###
Max Tegmark's cosmology library: 2dF

We've done an independent analysis of the the
2dF galaxy redshift survey.
Below you can get the
power spectra,
survey mask,
and
uniform galaxy sample
described in the paper as well as some software,
as a starting point for your own analysis.
*Figure 26: Our 2dFGRS power spectrum measurements
compared with theoretical models.
*
The astro-ph version,
has low-res figures (1 and 6)
because of the size limit, so please
click here to download
a PDF file with the final MNRAS
published version of the paper.
Click
if you are interested in other research of mine.

##
The power spectrum of galaxies in the 2dF 100k redshift survey

###
Authors:

Max Tegmark,
Andrew Hamilton &
Yongzhong Xu
### Abstract:

We compute the real-space power spectrum and the redshift-space distortions of
galaxies in the 2dF 100k galaxy redshift survey using pseudo-Karhunen-Loeve
eigenmodes and the stochastic bias formalism. Our results agree well with those
published by the 2dFGRS team, and have the added advantage of producing
easy-to-interpret uncorrelated minimum-variance measurements of the
galaxy-galaxy, galaxy-velocity and velocity-velocity power spectra in 27
k-bands, with narrow and well-behaved window functions in the range 0.01h/Mpc <
k < 0.8h/Mpc. We find no significant detection of baryonic wiggles, although
our results are consistent with a standard flat Omega_Lambda=0.7
``concordance'' model and previous tantalizing hints of baryonic oscillations.
We measure the galaxy-matter correlation coefficient r > 0.4 and the
redshift-distortion parameter beta=0.49+/-0.16 for r=1 (beta=0.47+/- 0.16
without finger-of-god compression). Since this is an apparent-magnitude limited
sample, luminosity-dependent bias may cause a slight red-tilt in the power
spectum. A battery of systematic error tests indicate that the survey is not
only impressive in size, but also unusually clean, free of systematic errors at
the level to which our tests are sensitive. Our measurements and window
functions are available at http://www.hep.upenn.edu/~max/2df.html together with
the survey mask, radial selection function and uniform subsample of the survey
that we have constructed.
### Reference info:

astro-ph/0111575,
*MNRAS*, **335**, 887-908
### Power spectrum

If you simply want to plot up the 13 band powers shown above
for a chi-by-eye analysis or the like, use
this table (from Figure 26 in the paper).
The 5 columns are (k_eff,k_low,k_high,P,dP).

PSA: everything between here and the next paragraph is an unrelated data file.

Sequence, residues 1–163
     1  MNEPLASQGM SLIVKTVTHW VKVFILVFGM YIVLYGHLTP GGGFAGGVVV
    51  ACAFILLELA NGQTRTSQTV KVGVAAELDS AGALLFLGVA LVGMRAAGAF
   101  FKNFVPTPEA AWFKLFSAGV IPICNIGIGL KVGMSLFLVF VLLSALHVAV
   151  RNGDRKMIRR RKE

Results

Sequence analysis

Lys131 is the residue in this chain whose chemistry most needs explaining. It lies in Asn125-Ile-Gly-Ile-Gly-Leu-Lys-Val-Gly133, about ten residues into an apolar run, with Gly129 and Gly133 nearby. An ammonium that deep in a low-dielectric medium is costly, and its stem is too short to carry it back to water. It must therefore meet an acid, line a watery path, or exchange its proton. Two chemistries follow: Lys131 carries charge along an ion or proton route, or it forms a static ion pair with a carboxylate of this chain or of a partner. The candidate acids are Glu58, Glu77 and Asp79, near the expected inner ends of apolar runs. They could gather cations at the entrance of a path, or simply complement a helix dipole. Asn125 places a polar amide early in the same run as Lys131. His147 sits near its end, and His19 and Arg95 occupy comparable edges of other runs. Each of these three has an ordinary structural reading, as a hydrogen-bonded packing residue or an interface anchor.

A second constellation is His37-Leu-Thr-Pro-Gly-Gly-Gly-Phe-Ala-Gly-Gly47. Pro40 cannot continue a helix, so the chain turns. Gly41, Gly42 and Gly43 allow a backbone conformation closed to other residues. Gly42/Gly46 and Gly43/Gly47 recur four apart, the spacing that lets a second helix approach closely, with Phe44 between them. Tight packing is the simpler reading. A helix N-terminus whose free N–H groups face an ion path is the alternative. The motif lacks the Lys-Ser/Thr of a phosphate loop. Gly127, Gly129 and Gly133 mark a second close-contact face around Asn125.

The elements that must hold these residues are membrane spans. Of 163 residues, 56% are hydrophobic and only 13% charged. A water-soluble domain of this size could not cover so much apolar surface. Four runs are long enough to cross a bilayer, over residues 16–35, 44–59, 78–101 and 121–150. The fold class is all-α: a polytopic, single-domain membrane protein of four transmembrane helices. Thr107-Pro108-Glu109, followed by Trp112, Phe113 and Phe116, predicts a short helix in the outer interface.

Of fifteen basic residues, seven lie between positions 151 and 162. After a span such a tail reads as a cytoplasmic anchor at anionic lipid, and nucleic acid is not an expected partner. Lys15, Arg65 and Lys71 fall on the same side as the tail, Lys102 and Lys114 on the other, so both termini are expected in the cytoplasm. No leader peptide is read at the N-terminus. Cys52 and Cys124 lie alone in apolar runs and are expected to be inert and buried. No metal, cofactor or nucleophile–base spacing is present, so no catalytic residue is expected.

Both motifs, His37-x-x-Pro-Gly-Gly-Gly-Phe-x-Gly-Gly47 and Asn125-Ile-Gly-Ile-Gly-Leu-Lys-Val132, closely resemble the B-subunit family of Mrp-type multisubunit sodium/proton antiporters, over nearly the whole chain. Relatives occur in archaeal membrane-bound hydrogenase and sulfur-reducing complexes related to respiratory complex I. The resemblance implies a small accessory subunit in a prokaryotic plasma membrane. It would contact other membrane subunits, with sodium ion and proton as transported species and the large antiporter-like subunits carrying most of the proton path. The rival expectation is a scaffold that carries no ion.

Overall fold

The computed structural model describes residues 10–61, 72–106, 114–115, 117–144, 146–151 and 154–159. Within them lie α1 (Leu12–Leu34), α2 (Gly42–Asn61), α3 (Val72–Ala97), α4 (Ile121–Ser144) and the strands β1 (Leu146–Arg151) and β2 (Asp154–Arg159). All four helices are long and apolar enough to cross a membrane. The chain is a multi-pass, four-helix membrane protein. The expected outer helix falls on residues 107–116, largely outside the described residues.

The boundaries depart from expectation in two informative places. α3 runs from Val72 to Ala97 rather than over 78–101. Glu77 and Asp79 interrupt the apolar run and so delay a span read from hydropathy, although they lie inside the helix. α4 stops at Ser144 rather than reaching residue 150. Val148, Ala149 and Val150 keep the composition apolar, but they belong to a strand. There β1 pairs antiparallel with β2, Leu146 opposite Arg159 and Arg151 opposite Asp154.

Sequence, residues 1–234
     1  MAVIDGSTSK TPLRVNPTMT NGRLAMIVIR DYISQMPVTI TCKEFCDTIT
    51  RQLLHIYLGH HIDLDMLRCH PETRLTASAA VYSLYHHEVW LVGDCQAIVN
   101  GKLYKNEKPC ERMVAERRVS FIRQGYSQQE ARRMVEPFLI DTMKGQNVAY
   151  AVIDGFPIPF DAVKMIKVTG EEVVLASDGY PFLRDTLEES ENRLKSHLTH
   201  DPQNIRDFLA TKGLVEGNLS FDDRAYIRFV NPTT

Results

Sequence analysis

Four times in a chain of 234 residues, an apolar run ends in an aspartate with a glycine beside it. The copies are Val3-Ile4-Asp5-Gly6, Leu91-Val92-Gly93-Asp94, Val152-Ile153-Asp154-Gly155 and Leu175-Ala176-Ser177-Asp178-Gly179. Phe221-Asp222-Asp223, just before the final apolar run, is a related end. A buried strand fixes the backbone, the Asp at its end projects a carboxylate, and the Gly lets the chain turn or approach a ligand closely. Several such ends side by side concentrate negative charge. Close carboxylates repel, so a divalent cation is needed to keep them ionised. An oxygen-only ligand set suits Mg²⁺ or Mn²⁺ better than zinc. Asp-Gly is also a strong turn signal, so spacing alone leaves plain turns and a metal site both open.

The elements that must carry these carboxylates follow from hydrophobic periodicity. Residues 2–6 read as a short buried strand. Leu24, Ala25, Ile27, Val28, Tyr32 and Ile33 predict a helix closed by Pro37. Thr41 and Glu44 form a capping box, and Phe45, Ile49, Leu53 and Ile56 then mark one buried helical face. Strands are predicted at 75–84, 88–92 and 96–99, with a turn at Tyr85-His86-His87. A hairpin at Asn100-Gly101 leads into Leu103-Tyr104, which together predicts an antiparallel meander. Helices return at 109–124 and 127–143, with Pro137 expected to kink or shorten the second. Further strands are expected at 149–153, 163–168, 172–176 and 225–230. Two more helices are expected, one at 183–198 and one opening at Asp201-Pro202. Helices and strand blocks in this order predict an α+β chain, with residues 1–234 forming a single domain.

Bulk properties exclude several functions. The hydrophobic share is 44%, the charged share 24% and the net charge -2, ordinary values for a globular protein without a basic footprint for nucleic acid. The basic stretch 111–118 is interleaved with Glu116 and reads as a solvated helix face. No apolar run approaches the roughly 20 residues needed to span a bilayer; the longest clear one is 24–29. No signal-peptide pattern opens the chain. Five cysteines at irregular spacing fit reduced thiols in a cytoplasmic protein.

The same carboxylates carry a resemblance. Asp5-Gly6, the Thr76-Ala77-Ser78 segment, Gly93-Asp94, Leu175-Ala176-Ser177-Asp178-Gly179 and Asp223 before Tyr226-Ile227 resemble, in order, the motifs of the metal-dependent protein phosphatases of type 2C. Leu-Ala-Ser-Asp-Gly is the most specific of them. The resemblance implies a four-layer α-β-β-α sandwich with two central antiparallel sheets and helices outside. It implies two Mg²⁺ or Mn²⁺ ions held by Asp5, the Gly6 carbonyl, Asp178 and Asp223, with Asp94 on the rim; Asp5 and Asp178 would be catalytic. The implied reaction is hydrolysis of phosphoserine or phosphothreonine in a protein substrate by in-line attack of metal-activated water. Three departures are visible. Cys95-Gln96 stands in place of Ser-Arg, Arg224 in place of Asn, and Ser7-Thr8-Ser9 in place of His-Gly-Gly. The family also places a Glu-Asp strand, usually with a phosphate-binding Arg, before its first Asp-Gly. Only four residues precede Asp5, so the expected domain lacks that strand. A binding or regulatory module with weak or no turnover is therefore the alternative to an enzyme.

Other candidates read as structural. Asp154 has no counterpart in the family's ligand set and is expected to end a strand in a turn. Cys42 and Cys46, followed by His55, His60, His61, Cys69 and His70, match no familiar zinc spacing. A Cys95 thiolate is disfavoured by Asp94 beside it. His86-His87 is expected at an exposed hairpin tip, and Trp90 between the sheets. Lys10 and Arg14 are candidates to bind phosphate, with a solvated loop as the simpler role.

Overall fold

If you want to do a quantitative analysis comparing to models, then
use this table instead, which contains
the 27 points from Figure 17 without unneccesary binning.
The corresponding 27 window functions are the rows of
this file.
To compute chi2 as in the paper, evaluate *p_i = P(k_i)*,
where *P(k)* is your own model power spectrum and
*k_i* are the 49 k-values from
this file.
Then compute

*chi2 = sum_i [P_i-(Wp)_i]^2/dP_i^2,*

where P_i and dP_i are the measurements and error bars you loaded above
and W is the 27 x 49 window matrix.
Note that if you want the window functions to look like
in Figure 11 of the paper, which shows windows on the
*relative* power (power relative to the prior),
you need to multiply each window by the prior power spectrum we used,
available in this file - the columns give (k,P).
The resulting 27 window functions are plotted here,
normalized to unit area.
### Uniform galaxy sample

You'll find the uniform galaxy sample described in the paper in
this file.
The 5 columns are (ra,dec,cz,b_j,eta_type).
If you'd like a file with additional fields, say the 2dFGRS team ID numbers,
just let me know and I'll be happy to send it.
This sample is strictly magnitude limited at b_j=19.27, so it's
very easy to interpret and work with.
Our fit for its radial selection function nbar(r) is in
this file, where the columns
are (r,nbar) and r is comoving distance.
It's only valid for 10-650 Mpc/h.
The only additional thing you need before you run off and compute
your own power spectrum, trispectrum, genus curve or whatever
is the angular mask below.

### Angular mask

As the cutout to the left illustrates, the angular mask is pretty complicated.
As described in the paper, it consists of 3614 spherical polygons.
All the info you need is in this file.
To help you along, I've put some demo software in
tarball.tar.gz - the easiest way
to figure out how it works is probably to run
the enclosed code completeness_demo.f.
If you have questions, please don't hesitate to ask.

If you'd like additional stuff that you can't find here, please drop me
an email! And, needless to say, don't forget to visit the
site of the
2dF galaxy redshift survey
itself - it's terrific that the 2dFGRS team has made their data public, thereby
making analyses like ours possible.

Return to my home page

This page was last modified October 7, 2002.
max@physics.upenn.edu